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Pakistan willing to use ‘little influence’ it has with Afghan Taliban to help peace talks

  • Islamabad says ready to host direct negotiations between Kabul and Taliban
  • Pakistan foreign minister headed to Afghanistan for high-level talks on Dec. 15
ISLAMABAD: Pakistan is willing to use its “little influence” with the Afghan Taliban to resurrect faltering peace talks between the Kabul government and the insurgency, foreign office officials said, just days before Foreign Minister Shah Mehmood Qureshi is scheduled to visit Kabul to meet with top civilian and military leaders.

US officials have long pushed Pakistan to use its influence with Taliban leaders, who Washington says are based inside Pakistan, to bring them to the negotiating table and end a 17-year war. Islamabad vehemently denies it is covertly sheltering Taliban leaders.

“We can facilitate the peace process by using our little influence over the Afghan Taliban,” a foreign office official with knowledge of the talks told Arab News on condition of anonymity as he was not authorized to speak to the media about the issue.

“Pakistan is willing to bring the Afghan Taliban to the negotiating table but obviously is not in a position to forge a peace agreement with them. The modalities and all other relevant things are to be decided by the US as it is the major stakeholder,” he said.

However, he said that the Taliban seemed “least interested” in engaging with the Afghan government at a time when the next presidential elections were scheduled to be held in April next year. He said the US and Afghanistan had to mutually decide if they wanted to delay the presidential elections so the present dispensation could better engage with the Taliban or if they wanted a new government with a full five-year mandate to broker a peace deal.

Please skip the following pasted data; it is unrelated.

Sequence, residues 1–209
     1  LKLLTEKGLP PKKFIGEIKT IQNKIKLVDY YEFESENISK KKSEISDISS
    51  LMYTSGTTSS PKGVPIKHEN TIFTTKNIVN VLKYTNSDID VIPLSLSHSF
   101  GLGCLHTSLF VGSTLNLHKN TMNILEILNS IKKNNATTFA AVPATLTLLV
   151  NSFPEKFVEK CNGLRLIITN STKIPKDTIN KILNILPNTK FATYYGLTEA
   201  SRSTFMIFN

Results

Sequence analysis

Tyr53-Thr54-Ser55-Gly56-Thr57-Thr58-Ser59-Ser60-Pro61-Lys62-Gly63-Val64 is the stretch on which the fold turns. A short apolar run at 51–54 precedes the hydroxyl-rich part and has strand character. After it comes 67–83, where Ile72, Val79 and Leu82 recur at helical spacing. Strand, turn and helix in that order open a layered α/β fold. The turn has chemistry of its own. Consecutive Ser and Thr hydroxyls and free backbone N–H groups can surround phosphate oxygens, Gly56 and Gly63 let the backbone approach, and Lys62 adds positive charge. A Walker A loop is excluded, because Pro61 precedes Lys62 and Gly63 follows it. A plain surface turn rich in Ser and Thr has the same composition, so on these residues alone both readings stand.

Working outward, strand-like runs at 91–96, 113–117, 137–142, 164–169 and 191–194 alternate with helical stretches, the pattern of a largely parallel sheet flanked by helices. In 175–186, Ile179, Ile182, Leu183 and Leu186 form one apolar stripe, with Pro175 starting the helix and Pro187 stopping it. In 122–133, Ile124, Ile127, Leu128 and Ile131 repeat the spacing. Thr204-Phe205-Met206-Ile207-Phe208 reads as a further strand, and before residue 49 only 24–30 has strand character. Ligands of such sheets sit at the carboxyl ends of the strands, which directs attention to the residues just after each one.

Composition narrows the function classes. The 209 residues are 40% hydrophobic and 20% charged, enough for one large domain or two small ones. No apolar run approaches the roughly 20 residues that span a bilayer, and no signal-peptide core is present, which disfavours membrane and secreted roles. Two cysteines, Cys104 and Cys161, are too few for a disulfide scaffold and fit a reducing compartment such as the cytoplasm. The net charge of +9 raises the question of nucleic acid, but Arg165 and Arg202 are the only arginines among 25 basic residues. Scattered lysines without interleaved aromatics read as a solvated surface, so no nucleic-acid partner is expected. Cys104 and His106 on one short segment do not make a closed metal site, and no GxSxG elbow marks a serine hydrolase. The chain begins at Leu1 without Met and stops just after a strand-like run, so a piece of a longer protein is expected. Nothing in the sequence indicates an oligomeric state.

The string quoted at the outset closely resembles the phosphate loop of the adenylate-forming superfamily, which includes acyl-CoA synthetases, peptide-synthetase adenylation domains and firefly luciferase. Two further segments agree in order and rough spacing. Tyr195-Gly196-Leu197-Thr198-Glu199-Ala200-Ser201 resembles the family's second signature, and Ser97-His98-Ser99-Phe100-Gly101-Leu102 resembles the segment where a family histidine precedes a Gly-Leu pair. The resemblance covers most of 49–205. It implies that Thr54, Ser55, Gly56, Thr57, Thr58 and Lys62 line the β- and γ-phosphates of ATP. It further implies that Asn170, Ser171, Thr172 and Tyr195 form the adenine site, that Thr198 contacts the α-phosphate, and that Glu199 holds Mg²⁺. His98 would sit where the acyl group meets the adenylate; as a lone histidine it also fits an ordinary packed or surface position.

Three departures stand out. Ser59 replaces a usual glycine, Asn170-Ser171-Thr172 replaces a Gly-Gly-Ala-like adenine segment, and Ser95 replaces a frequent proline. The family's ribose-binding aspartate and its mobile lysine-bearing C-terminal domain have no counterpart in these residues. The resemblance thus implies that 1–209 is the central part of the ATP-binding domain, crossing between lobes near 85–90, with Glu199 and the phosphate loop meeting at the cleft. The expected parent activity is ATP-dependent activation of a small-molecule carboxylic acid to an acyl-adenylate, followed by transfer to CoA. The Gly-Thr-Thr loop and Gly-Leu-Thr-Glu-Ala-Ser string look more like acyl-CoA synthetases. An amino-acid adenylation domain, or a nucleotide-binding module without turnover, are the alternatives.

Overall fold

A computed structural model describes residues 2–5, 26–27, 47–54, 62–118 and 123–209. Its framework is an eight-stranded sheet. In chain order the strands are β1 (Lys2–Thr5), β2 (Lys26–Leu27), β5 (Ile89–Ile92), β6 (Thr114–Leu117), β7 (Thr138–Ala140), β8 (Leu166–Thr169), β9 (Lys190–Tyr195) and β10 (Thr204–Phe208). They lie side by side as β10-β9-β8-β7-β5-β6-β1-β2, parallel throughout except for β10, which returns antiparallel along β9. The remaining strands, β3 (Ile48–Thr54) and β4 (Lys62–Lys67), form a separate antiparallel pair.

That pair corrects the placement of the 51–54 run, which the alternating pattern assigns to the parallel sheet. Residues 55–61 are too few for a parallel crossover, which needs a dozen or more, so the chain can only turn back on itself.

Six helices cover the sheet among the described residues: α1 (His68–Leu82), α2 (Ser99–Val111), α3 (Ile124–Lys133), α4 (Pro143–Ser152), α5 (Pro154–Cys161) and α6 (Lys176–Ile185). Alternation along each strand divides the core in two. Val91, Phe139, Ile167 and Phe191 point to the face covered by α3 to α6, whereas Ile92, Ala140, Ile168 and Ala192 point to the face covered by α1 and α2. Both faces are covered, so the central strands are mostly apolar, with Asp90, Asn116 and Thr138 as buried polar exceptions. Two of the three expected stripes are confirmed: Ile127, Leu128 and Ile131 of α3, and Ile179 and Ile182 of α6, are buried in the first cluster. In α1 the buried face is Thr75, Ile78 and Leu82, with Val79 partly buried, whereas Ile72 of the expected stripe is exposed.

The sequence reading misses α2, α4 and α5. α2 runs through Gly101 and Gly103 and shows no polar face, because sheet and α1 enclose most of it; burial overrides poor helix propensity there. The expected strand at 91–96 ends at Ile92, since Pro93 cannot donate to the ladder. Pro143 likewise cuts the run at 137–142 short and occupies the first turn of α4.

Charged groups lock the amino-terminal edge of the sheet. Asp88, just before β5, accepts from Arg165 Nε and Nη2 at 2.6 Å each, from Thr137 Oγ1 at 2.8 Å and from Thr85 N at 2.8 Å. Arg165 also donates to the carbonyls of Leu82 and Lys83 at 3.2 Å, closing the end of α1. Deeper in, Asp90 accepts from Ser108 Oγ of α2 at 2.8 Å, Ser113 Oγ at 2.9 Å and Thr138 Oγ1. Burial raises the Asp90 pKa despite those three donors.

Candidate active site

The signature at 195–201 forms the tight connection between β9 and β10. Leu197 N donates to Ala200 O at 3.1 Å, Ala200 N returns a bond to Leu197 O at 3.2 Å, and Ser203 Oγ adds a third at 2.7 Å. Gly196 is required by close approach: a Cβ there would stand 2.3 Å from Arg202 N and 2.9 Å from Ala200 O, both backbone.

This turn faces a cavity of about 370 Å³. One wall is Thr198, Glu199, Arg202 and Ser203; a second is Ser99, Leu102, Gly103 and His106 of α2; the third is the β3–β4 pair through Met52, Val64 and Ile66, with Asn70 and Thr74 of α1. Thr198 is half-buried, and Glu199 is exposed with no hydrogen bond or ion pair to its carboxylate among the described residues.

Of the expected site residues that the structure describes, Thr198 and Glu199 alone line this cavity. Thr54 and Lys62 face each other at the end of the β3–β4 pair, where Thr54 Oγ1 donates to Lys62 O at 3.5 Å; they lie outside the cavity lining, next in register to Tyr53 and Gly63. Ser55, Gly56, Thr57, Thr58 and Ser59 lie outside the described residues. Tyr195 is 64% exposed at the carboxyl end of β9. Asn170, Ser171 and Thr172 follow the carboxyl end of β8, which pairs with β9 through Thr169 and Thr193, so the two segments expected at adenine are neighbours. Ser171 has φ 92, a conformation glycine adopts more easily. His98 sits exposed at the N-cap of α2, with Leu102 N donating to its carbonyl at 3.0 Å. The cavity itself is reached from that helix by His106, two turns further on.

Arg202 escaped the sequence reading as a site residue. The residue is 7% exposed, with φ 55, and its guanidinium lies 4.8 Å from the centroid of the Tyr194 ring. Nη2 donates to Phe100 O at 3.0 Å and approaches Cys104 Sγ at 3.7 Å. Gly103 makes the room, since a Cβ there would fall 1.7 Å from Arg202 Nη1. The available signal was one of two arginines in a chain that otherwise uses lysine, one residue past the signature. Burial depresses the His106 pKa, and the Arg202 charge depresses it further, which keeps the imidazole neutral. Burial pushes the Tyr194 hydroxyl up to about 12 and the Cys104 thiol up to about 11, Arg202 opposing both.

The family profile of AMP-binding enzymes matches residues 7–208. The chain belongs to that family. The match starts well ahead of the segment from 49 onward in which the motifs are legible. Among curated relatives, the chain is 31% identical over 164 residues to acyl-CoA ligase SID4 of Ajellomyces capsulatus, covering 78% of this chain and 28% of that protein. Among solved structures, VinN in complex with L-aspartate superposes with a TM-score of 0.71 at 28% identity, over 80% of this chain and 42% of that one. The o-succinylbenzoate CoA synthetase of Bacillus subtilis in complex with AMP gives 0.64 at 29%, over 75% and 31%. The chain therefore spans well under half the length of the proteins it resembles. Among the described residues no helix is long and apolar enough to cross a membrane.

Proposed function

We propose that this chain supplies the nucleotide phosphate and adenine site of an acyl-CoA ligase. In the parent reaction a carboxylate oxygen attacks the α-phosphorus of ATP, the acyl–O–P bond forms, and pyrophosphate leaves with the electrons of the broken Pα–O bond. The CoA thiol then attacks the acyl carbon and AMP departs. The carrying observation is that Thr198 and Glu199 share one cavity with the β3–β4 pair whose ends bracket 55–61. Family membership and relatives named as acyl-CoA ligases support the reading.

Earlier this month, US President Donald Trump asked for Pakistan’s help with Afghan peace talks in a letter to Prime Minister Imran Khan.

“The peace process has started and the good thing is that the US has finally agreed to find a negotiated settlement to the Afghan conflict,” foreign office spokesman Dr. Mohammad Faisal told Arab News. “Pakistan is ready to play its role and our foreign minister will convey this to the Afghan leadership.”

Addressing a ceremony in Multan last week, Foreign Minister Qureshi said it was a testament to the robustness of Pakistan’s foreign policy that the US had asked for assistance in resolving the Afghan conflict, adding that he would visit Kabul on Dec. 15 to hold talks with the “Afghan leadership on political reconciliation and durable peace in Afghanistan.”

Pakistan is committed to an Afghan-led and Afghan-owned peace process, the minister added.

During last week’s visit to Pakistan of the US special representative for Afghanistan, Zalmay Khalilzad, Islamabad had expressed its willingness to host direct talks between representatives of the Afghan government and leaders of the Taliban if all stakeholders, including the US, agreed on a common agenda for the meeting.

“We have conveyed this to the US during the recent visit of Zalmay Khalilzad, but obviously nothing is final at this stage as different options for peace in Afghanistan are being explored,” the foreign office official said.

Last month, Khalilzad said that he hoped a peace deal would be reached by April 2019. But Afghan Taliban militants have repeatedly said that they have not accepted any deadline and that a three-day meeting in Qatar between their leaders and Khalilzad in October ended with no agreement.

In July 2015, Pakistan arranged the first official meeting of representatives of the Kabul government and the Taliban in Murree, a hill resort near Islamabad. Observers from the US and China also attended the talks. The process was, however, scuttled after the death of Taliban chief Mullah Omar, throwing fledgling efforts to negotiate into disarray.

Last week, the Afghan president constituted a 12-member committee to hold direct talks with the Taliban, but they have yet to get a nod from the militants.

Rahimullah Yousufzai, an expert on Taliban affairs, said that Pakistan can help to arrange meetings of the Taliban with the US and the Afghan government by using its influence but “there is still a long way to go.”

“The Taliban are seeking a schedule of withdrawal of foreign forces from Afghanistan and until the US agrees to that, there are little chances of moving ahead,” he told Arab News, adding that Pakistan could facilitate negotiations between the Afghan government and the Taliban as it had in the past but “nothing more than that.”

“Taliban’s international recognition has increased manifold in the past years and they are now least dependent on Pakistan’s help,” Yousafzai said.

A senior security official privy to talks said that no peace deal was possible without the ownership of the process by the Afghan people: “Right now, the biggest question is, do the Afghan people even accept this process?”